An individual may go to a treatment center of some kind. In treatment, clients are given tranquilizers to bring them down fast. Afterwards, they are prescribed antidepressants to regulate the chemicals in their brain. In addition, they undergo cognitive and behavioral therapy. Meth may not be physically addicting, like alcohol or heroin, but the psychological dependence is huge. Dr. Kohl explains, "Because the meth-user's brain does not create the feel-good chemicals any more, there is an overwhelming urge to use again."

In the U.S.A. each county of each state has a clinic that offers help. Check with your local county agency for help nearest you. Each of these agencies can also refer you to other organizations that might be able to help.

One place of help might be:
The Drug Abuse Resistance Education Program (D.A.R.E.)

One doctor describes what it is like to deal with a meth overdose patient:
"When a meth crisis patient is brought in (to the hospital)� usually by police� it requires a closed room and a security guard because patients are very volatile and unpredictable. A medical team evaluates the patient, treats the symptoms and monitors the patient during the six to eight hours it takes to come down.

"This is the longest drug to come off of," Doctor Behrens says.

"The patient may be sent to recovery or taken to the residential treatment center for detoxification� or a mental health evaluation may show a need for involuntary treatment.

Often, patients either recover enough to go home with relatives or friends, or must be released because there isn't a bed available," Behrens says.

If an emergency patient isn't on Medicaid or a health plan, the hospital pays the cost of the care. It is recommended that they go to a Recovery Center."


Can a person overdose on Meth?
Yes, Meth intoxication can occur when the body is presented with an overwhelming amount of the drug. The amount needed varies according to tolerance and the characteristics of each batch.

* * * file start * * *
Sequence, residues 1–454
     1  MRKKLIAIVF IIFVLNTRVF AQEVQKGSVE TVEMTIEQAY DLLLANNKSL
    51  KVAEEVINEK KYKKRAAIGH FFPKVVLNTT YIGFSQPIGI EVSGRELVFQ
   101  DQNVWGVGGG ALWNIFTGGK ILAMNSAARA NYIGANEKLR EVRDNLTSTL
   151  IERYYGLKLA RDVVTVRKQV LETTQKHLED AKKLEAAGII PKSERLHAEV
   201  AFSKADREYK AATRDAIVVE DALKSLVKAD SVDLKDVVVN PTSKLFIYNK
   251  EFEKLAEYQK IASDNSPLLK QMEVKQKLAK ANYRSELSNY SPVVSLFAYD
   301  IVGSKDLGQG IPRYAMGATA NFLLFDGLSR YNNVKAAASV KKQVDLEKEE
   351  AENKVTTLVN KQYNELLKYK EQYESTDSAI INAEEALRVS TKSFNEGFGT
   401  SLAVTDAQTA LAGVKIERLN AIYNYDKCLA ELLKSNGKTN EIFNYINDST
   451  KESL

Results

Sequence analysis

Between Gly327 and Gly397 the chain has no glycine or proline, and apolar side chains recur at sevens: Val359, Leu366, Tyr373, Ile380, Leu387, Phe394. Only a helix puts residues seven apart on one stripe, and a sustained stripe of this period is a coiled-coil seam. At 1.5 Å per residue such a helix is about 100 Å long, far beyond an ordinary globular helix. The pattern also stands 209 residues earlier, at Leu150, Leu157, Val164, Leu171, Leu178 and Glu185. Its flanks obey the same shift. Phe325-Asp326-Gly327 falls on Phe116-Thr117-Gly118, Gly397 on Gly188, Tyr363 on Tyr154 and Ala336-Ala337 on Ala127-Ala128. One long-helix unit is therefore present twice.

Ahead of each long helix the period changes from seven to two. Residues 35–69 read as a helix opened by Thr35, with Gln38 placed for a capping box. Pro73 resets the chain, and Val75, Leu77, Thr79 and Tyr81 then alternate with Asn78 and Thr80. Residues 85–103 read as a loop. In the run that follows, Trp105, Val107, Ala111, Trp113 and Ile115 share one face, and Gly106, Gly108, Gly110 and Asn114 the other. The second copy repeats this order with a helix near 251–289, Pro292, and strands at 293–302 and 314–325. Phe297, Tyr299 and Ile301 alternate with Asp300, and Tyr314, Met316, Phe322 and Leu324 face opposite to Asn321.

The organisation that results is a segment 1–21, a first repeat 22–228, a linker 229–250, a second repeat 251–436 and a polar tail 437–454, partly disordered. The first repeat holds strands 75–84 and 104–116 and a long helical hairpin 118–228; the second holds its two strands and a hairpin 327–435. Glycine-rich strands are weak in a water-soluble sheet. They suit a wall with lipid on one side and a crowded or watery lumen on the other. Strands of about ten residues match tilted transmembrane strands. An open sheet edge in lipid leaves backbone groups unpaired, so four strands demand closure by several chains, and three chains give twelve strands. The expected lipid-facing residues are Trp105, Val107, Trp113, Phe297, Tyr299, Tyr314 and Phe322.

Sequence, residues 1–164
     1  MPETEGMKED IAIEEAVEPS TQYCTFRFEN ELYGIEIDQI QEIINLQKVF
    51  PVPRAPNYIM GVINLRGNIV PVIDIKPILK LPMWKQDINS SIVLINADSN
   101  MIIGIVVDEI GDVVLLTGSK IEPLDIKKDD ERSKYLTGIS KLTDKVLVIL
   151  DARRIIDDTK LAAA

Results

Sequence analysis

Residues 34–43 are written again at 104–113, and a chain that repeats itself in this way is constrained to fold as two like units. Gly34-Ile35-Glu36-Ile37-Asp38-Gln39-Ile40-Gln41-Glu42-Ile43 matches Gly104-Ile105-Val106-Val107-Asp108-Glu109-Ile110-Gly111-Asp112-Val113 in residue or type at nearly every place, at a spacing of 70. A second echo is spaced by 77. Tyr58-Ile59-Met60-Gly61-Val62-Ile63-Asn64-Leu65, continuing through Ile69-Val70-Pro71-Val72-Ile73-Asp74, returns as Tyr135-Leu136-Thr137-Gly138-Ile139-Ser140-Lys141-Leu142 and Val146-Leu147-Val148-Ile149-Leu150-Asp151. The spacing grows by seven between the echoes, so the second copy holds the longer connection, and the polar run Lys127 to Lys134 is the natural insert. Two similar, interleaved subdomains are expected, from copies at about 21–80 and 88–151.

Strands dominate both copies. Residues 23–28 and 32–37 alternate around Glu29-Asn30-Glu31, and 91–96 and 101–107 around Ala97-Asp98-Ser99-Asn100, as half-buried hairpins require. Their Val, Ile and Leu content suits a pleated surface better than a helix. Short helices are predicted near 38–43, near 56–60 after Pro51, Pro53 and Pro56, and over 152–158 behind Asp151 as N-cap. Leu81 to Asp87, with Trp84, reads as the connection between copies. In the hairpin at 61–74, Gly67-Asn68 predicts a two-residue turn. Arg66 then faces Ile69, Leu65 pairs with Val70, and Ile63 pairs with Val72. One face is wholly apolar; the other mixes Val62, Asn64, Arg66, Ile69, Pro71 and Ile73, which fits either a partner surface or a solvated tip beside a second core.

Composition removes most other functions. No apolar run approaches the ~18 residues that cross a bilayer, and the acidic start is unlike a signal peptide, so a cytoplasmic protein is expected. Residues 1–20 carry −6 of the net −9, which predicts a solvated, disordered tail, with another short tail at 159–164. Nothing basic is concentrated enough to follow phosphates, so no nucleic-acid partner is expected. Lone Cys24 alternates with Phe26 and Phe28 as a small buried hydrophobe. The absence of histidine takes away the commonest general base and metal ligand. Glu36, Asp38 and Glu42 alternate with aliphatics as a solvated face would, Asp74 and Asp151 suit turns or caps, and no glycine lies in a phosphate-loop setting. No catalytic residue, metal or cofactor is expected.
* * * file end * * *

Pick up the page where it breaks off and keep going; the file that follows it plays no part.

How does meth work?
Meth is a class A drug. It is a powerfully addictive synthetic stimulant. It was developed from its parent drug amphetamine with the base compound being derived from Pseudoephedrine. Meth works by stimulating the release of Dopamine, noradrenaline, and serotonin. The ability of Meth to stimulate and limit the re-uptake of Dopamine in the brain is the reason for the high.

How much does meth cost?
Did you ever take a chemistry class in school and have to weigh a certain chemical for an experiment by the gram on a weight scale? Meth is sold the same way. Generally speaking, one hit of meth is about a quarter of a gram in weight and this will cost a user about $25. But this price is not set in concrete. It can change depending on it's availability. And, as with most drugs, the price depends on the drug's purity, the amount, and where it is sold.

Those addicted to crystal meth face significant health problems, ruined relationships, financial problems, and lost employment.

Bartow Against Meth had this to say:

The Basic Problem of Addiction:
"Methamphetamine causes false feelings of well-being. More and more confidence is placed in the drug while other survival feelings are ignored and bypassed. The result is a lack of concern for, and confidence in, other areas of life.

It is at this point that physical dependence settles in. In the beginning, the pleasure impressions in the memory are quite small. But as the natural chemistry becomes more and more suppressed, the survival mechanism receives a greater and greater feeling of pleasure through the use of the drug. Furthermore as the drug starts to relieve the withdrawal, the addicted person feels, "I needed that." And so the subconscious memory is learning through the body that the drug is not only something that is pleasurable, but something that is needed just to make it through the day.

Why Does Crystal Methamphetamine Take Over Your Life?